If you’re a new parent, you might be wondering: what, exactly, is a toddler bed? How can they have specially designed beds? You have probably never seen one, or you only think you haven’t.
And I don’t blame you! Not so long ago, I didn’t even know toddlers had special beds. But the truth is, friends, toddler beds exist, and they can be surprisingly useful.
They’re designed to provide a smoother transition between a crib and a more grown-up twin-size bed. Toddlers live through a stage of intense change, and they aren’t always thrilled about all the shifts that come with growing up! Just like you walk them through potty training, slightly change their bedtime routine as they grow older, and gradually switch from baby food by introducing more and more regular ingredients, you can also make sure that the crib-to-bed-transition will be smooth and problem-free.
And anything you can do to make this phase in your little one’s life easier will go a long way.
What Is a Toddler Bed?
So, you probably still keep asking yourself, what is a toddler bed, exactly?
In the same way that a toddler is midway between a baby and a “big kid,” a toddler bed is halfway between a crib and a regular bed. Therefore, it responds to the unique needs your child has during this particular phase.
Most toddler beds are low to the ground, unlike a crib, which is elevated for easier access to the baby. While it is essential for you to have easy access to your child when they are still in a crib, it is crucial to identify the right moment when you should start giving them more and more independence. A lower bed will make it much easier for your toddler to learn how to get in and out of bed – with your assistance at the beginning, of course.
These transition beds also feature a tall headboard and footboard reminiscent of the familiar enclosure of a crib, a resemblance which is heightened by the common wing-like barriers that help keep your toddler from falling out of bed. Therefore, this solution is still much safer than a regular bed, but it also helps you both embrace the fact that your child is not that small and helpless anymore.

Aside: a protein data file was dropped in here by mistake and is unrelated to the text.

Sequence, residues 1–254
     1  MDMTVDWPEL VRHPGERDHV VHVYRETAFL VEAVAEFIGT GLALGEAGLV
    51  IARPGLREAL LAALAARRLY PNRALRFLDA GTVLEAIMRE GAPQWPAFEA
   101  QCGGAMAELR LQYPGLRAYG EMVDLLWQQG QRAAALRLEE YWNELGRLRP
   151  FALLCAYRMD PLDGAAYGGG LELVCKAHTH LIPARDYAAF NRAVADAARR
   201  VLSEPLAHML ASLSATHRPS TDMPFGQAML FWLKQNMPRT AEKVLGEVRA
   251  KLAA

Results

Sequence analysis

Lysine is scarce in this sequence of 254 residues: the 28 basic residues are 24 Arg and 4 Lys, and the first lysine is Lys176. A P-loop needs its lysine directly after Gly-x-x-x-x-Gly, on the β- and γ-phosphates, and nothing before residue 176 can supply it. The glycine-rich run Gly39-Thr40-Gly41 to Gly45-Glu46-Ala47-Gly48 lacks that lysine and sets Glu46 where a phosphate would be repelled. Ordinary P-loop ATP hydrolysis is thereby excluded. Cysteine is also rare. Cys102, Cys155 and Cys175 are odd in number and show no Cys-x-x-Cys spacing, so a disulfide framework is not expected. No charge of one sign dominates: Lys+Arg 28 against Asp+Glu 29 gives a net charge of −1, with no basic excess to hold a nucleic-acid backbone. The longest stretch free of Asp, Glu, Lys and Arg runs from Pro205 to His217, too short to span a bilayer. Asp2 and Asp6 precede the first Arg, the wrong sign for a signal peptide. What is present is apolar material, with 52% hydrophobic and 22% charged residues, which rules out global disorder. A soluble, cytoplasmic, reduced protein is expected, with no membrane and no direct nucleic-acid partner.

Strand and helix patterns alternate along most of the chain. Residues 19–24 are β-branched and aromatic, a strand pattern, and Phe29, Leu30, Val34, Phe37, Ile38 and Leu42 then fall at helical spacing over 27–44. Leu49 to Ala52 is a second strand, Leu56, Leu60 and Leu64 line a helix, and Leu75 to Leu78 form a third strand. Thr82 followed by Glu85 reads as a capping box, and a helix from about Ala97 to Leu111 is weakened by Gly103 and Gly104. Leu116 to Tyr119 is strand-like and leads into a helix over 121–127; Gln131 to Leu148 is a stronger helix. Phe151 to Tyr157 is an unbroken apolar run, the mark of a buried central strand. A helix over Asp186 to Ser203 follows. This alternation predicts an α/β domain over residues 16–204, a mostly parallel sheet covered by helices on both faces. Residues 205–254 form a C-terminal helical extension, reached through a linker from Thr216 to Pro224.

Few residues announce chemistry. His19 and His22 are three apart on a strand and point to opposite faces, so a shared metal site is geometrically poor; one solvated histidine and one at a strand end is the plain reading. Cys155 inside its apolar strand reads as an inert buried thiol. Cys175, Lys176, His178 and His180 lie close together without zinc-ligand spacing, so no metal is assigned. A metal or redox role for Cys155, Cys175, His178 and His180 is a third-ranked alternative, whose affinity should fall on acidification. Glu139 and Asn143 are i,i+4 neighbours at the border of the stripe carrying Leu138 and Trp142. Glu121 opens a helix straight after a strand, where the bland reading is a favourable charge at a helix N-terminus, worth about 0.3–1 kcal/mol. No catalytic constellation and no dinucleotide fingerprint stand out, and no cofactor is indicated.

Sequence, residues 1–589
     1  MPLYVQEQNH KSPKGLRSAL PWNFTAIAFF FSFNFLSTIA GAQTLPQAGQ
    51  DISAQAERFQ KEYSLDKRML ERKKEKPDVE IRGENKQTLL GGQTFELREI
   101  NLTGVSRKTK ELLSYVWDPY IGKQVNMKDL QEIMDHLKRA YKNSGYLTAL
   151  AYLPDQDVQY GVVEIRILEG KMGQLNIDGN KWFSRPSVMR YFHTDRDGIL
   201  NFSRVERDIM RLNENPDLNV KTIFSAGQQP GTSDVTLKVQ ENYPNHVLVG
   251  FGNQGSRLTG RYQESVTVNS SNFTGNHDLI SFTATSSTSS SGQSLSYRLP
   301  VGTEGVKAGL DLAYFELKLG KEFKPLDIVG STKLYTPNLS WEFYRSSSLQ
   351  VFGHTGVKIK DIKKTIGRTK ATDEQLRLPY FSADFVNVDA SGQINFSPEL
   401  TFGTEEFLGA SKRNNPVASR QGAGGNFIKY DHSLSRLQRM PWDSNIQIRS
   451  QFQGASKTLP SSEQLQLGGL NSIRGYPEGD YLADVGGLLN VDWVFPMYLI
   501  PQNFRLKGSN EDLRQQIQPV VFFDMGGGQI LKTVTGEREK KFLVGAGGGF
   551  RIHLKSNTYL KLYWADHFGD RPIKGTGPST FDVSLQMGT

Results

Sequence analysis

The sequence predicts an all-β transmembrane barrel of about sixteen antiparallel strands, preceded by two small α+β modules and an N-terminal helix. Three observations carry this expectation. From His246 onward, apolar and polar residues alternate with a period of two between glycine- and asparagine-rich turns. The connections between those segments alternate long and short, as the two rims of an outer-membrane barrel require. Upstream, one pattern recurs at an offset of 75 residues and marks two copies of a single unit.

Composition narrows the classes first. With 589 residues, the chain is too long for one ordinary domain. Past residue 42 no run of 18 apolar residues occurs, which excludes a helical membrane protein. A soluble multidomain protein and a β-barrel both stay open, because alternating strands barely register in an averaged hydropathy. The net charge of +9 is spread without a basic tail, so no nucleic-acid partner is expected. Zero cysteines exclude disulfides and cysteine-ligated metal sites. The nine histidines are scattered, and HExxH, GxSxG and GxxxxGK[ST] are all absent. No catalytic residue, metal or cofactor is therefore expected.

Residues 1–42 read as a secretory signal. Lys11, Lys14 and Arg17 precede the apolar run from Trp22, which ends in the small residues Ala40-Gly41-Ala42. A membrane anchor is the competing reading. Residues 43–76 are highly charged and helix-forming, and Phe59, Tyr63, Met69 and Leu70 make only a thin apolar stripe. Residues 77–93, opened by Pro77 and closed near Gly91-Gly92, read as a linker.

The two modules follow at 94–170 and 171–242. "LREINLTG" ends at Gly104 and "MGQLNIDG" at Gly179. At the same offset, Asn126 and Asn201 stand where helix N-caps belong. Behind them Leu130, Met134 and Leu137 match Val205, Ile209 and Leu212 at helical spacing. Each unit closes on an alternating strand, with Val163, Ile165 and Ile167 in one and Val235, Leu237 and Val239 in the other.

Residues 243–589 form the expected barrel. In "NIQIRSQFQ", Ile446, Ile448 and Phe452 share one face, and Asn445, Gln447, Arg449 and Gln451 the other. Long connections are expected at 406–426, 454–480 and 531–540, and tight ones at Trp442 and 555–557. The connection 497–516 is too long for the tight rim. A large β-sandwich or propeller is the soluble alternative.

So, it’s not quite a regular bed, but it’s not quite a crib, either. Like your toddler, it’s somewhere in between.
Size is the Same
There’s this one similarity between a toddler bed and a crib that you might not expect and might seem a little bit strange at first. It certainly caught me by surprise! Believe it or not, the mattress in a crib is the same size as the mattress in a toddler bed.
Well, none of them have an exact standard size, but they tend to be the same dimensions because the legally-mandated minimum size in the U.S. is 27 ¼ inches wide by 51 ¼ inches long for both kinds of mattress. This means you could very easily use the mattress from your kid’s crib as the mattress for their new toddler bed! Big money-saver, right?
Well… maybe not. The thing is that the mattresses you most likely see in a crib need to be very firm for safety reasons. Your toddler might be comfortable keeping their firm crib mattress, but there’s a good chance they’ll want to enjoy a softer, more pillowy mattress now that they’re old enough to have it. It will also be more beneficial for their future to have something similar to what they will get in their normal bed when they’re older.